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2019 Annual Teaching Symposium

 August 12, 2019 | J. Willard Marriott Library | 9:00am - 3:30pm

  Registration    Location & Parking   Program and Schedule  For Speakers

 

2019 Annual Teaching Symposium Workshops

Below find just a preliminary subset of workshops to be offered. Our full program and schedule, along with more details about each session, are coming soon. 

 

Holly Sue Hatfield

Doctoral Student & Graduate Student Instructor, Department of Economics; Graduate Fellow, Center for Teaching and Learning Excellence; President, Heterodox Economics Student Association (HESA)

info@ctle.utah.edu

Mira (Mimi) Locher, FAIA, LEED AP

Chair, School of Architecture

locher@arch.utah.edu

David Parker, Ed.D.

Director, Center for Creating Community

drdavid@centerforcreatingcommunity.com

Holly Johnson

Higher Education Instructional Consultant, Center for Teaching and Learning Excellence; Adjunct Assistant Professor, College of Architecture + Planning

hollyk.johnson@utah.edu

 Cathy Hwang

Associate Professor, S.J. Quinney College of Law

cathy.hwang@law.utah.edu

  • Brainstorm how participants can integrate skills into non-skills classes. Skills include, for example, research, writing, professionalism, presentation, or methodological skills.
  • Discuss practical how-tos, including how to develop ideas, design exercises, and streamline grading.
  • Participants should leave with several concrete ideas of how to integrate skills into their own courses. 

How do we help students gain research, writing, presentation, professionalism, and other core skills in courses that are not specifically marketed as “skills” courses? In this session, we discuss how to integrate skills-enhancing exercises into non-skills (i.e., substantive/theoretical/doctrinal) courses, including both seminar and lecture courses. In this session, we discuss how to generate ideas for exercises that integrate skills, the practical how-tos of how to get buy-in from students to do these exercises, and how to streamline grading of these exercises.

 Holly Sue Hatfield

Doctoral Student & Graduate Student Instructor, Department of Economics; Graduate Fellow, Center for Teaching and Learning Excellence; President, Heterodox Economics Student Association (HESA)

info@ctle.utah.edu

 Dr. Udita Gupta

Associate Professor(Clinical), Urban Institute for Teaching Education (UITE)

udita.gupta@utah.edu

  • Effective reflective practices (from research and experience)
  • Avenues to incorporate reflective practices in your course
  • Impact of incorporating reflective practices

Anyone who teaches higher education classes waits for students’ evaluations to reflect on what was well taught and what needs to be changed for the nest time they are going to teach the same course. Similar is the position of students. Not having ample opportunities to think and reflect on their own learning as well as on instructor’s teaching processes leaves not much room for growth. Instead, frustration, anxiety and panic of doing well in the course starts forming. To avoid these kinds of situations, reflections can be a helpful tool for both the instructors and students. Whether the class comprises of few or many students, reflective practices initiated by the instructor can prove to be helpful to both parties.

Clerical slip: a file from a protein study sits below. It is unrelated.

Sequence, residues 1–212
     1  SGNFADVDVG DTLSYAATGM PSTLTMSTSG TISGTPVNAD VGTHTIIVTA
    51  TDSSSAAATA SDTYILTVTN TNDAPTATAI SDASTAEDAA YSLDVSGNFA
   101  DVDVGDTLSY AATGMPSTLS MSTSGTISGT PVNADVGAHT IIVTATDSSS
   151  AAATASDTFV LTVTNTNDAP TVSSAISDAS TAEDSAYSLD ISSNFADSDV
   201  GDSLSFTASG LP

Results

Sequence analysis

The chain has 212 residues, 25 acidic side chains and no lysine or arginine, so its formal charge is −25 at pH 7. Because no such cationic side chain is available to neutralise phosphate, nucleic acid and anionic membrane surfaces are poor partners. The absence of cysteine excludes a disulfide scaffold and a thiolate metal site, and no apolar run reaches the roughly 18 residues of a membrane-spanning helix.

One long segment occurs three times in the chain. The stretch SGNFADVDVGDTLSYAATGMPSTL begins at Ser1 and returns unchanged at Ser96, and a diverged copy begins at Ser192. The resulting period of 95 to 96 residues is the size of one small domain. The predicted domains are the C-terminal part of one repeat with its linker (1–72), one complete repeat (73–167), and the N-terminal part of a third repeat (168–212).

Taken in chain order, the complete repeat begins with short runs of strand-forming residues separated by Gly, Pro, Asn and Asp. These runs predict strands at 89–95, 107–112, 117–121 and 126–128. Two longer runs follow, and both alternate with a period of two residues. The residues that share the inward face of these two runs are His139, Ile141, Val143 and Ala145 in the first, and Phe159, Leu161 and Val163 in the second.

This session will explore research on reflective practices and outline instructional strategies that instructors can use as reflections during the course of their teaching.    

 Donna Ziegenfuss, Ed.D.

Associate Librarian, J. Willard Marriott Library

donna.ziegenfuss@utah.edu 

  • Reflect on your own information and research behaviors and skills or those of your students.
  • Develop an awareness of what the literature claims about how students “do” library research.
  • Compile some new ideas, strategies, resources, and models to empower yourself or your students to conduct more effective library research.

This session will present strategies for designing and teaching library research skills for students. How can we help students be more effective researchers? What strategies can you implement in your classroom to develop students’ confidence levels with using information resources? What U of U resources are available for you to help mentor and scaffold students as they do research across their college paths? Come and learn how the library can help you integrate library research resources into your course research assignments.

 Kyle Turner, PharmD, BCACP

Assistant Professor (Clinical), College of Pharmacy

kyle.turner@pharm.utah.edu

  • Explore the C.O.A.C.H. framework as a means to engage learners in their own person and professional development
  • Determine one’s own coaching tendency based on the ask-tell spectrum
  • Practice coaching utilizing the C.O.A.C.H. framework

In this session, attendees will gain exposure to the C.O.A.C.H. framework which serves as model for building strong relationships and advance learner development and progress in practice, research, teaching and more! The session will highlight concepts such as the optimistic stance, the ask-tell spectrum which attendees can use during their own personal coaching situations. Students, TA’s, and seasoned faculty members will find new concepts, techniques and ideas to enhance their abilities and become optimal coaches regardless of practice or research area. 

 

Annual Teaching Symposium Overview (PDF)

to pdf

Last Updated: 6/20/19